This view shows a section of the widest deep view of the sky ever taken using infrared light, with a total effective exposure time of 55 hours. This picture shows a region of the sky known as the COSMOS field in the constellation of Sextans (The Sextant). More than 200,000 galaxies have been identified in this picture.
CREDIT: ESO/UltraVISTA team. Acknowledgement: TERAPIX/CNRS/INSU/CASU
More than 200,000 galaxies take center stage in a staggering photo snapped by a European telescope, an image that scientists say is the deepest view of the sky ever recorded at this size in infrared light.
The European Southern Observatory’s VISTA telescope (the Visible and Infrared Survey Telescope for Astronomy) in Chile captured the galactic treasure trove tucked inside what astronomers thought was an unremarkable patch of the sky. It was discovered by the observatory’s UltraVISTA survey, a project that studies distant galaxies in the early universe and star formation by repeatedly scanning a section of the sky to obtained unprecedented image depth.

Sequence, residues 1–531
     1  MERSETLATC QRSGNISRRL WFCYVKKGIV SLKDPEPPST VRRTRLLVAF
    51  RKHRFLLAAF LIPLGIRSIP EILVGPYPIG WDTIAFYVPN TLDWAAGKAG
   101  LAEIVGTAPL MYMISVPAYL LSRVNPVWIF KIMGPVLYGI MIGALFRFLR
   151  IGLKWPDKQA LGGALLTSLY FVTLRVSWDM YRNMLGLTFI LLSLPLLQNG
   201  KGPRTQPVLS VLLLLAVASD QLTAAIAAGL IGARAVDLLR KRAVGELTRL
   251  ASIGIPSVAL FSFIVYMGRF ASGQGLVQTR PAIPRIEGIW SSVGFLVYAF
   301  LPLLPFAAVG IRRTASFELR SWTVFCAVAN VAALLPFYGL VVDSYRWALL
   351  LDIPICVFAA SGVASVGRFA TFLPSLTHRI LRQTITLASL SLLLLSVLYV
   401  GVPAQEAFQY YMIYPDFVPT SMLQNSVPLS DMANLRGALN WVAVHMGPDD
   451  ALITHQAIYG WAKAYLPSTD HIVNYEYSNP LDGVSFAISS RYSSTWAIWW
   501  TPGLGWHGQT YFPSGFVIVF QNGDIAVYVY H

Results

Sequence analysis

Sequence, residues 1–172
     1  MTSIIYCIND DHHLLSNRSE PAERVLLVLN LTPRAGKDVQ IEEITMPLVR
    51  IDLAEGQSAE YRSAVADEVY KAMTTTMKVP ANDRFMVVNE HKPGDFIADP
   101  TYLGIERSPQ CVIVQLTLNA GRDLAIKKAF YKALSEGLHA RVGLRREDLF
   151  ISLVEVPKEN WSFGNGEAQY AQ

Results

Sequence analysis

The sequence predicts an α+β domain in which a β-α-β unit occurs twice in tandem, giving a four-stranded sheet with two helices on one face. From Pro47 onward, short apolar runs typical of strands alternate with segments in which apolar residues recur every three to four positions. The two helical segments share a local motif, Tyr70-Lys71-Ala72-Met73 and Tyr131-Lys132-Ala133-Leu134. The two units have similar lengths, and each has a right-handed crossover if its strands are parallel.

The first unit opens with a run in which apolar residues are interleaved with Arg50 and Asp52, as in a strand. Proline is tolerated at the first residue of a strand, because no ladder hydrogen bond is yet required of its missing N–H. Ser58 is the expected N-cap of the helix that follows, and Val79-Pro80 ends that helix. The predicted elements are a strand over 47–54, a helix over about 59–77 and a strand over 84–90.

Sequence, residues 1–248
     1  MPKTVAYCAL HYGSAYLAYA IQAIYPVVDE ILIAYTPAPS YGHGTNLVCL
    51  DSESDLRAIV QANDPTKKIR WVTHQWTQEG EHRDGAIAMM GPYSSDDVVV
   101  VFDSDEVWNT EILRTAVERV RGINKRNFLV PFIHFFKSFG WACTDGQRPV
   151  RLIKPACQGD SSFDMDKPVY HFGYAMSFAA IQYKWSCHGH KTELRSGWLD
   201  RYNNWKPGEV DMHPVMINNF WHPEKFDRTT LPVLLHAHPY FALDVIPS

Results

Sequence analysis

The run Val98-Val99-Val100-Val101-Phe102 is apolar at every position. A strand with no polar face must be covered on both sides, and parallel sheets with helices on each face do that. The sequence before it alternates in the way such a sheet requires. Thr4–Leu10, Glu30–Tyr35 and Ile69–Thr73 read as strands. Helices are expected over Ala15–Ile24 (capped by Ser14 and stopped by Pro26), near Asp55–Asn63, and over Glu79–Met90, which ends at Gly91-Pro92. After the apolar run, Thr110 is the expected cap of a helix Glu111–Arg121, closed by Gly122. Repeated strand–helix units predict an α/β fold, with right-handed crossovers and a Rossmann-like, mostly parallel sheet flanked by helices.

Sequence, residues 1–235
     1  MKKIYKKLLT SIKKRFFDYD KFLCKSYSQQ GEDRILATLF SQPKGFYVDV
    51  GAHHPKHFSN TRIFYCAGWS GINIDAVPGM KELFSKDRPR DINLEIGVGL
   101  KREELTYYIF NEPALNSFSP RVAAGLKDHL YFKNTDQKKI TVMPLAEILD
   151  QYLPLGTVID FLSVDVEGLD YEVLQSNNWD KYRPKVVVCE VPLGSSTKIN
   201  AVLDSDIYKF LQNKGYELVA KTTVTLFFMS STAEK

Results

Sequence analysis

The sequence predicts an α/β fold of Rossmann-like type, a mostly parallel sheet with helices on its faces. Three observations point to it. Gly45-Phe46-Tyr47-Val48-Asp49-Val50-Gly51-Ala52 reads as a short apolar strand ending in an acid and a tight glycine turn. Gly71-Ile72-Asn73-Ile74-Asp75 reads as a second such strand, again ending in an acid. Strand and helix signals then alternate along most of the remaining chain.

By constantly staring at the same portion of the sky, the VISTA telescope is slowly picking up measurements of the very dim light of the most distant galaxies, ESO officials said in a statement. The new photo picture shows a region of the sky known as the COSMOS field, which is located in the constellation of Sextans (The Sextant).
To create the image, researchers combined data from more than 6,000 separate images — totaling 55 hours of exposure time — as seen through five different color filters. The finished product is the deepest infrared view of the sky of its size ever taken, according to ESO officials. [See new photo of the COSMOS field]infrared light, distant galaxies, european southern observatory, Infrared Survey Telescope <BR/>